- No, the PERC H700 Adapter will not be a bottleneck for 16 spinning
- You want the members of each RAID-1 pair on different
channels and expanders, in order to increase reliabiity. That way a
bad cable, channel, or expander doesn't take the whole RAID-1 set
offline. A 15K spinning rust disk can only do about 2 Gbps max with
sequential reads, so you can put three disks these per 6 Gbps
channel. Often you can do much more than threee, because only
backups really do streaming sequential reads or writes. All real
workloads have a lot of random IO, which will bring even a 15k disk down to just a few MB per second in throughput.
- Yes, you can mix disks, but why? Also, why aren't you using RAID-10 instead of a bunch of separate RAID-1 arrays?
- Unfortunately no, but any standards-compliant SAS Expander will work.
The real suggestion I would make is this: Unless you are running the large hadron colider, in general aggregate disk bandwidth doesn't matter, only IOPS matter for the overwhelming majority of workloads. Stop trying to make spining rust disks fast - they aren't. Disk is the new tape.
If you need performance, most workloads need IOPS more than bandwidth or capacity. Buy your Dell server with the cheapest SATA drives (to get the carriers), and then replace those cheap SATA drives with smallest numbber of Intel 500-series SSDs that meets your capacity needs. Dell's SSD offerings are terribly overpriced comparted with Intel SSDs from say NewEgg, even though the Intels perform better and are more reliable than whatever Dell is shipping for SSDs (Samsung?).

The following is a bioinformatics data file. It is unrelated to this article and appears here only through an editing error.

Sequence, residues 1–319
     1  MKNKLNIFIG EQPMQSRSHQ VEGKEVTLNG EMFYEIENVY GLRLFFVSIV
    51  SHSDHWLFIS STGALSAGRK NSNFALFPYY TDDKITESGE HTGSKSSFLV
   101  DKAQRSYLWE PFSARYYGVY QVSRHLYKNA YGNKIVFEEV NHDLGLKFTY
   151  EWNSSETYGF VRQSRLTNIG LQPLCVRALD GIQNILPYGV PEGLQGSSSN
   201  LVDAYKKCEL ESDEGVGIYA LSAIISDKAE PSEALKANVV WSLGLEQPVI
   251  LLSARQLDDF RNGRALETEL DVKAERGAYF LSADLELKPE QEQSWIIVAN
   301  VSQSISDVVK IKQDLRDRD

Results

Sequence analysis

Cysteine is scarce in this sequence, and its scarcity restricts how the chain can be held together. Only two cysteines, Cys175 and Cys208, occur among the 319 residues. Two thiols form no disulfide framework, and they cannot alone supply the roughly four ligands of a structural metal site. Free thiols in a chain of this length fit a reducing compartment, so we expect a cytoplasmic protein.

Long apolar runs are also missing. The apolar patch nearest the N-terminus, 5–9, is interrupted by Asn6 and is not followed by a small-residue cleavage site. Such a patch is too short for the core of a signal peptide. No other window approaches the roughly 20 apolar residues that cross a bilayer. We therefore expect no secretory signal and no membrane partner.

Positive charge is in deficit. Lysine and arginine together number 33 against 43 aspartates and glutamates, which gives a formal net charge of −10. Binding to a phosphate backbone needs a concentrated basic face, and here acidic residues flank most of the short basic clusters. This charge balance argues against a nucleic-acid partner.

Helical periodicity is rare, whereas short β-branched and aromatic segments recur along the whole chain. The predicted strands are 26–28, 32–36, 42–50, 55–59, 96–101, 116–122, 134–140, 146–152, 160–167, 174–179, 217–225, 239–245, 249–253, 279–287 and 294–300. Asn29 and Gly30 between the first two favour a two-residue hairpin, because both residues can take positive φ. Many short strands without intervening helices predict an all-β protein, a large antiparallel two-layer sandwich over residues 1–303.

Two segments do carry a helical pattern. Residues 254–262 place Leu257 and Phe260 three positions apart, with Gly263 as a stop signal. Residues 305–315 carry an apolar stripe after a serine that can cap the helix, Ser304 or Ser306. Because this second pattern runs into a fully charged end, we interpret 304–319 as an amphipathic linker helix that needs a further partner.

Make one big RAID-5 array of SSDs. Even just 3 modern MLC SSDs in RAID-5 will absolutely destroy 16 15k spinning rust disks in terms of IOPS, by a factor of 10x or more. Sequential throughput is a non-issue for most applications, but the SSDs will also be 2x faster than spinning disks in that regard. Use large capacity 7.2k SATA disks for backup media or for archiving cold data. You'll spend less money and use less power with SSDs.
Resistance to SSDs over reliability are largely FUD from conservative storage admins and SAN vendors who love their wasteful million-dollar EMC arrays. Recent "enterprise MLC SSDs" are at least as reliable as mechanical disks, and probably much more reliable (time will tell). Wear leveling makes write lifetime a non-issue, even in the server space. Your biggest worry is firmware bugs rather than hardware failure, which is why I suggest going with Intel SSDs.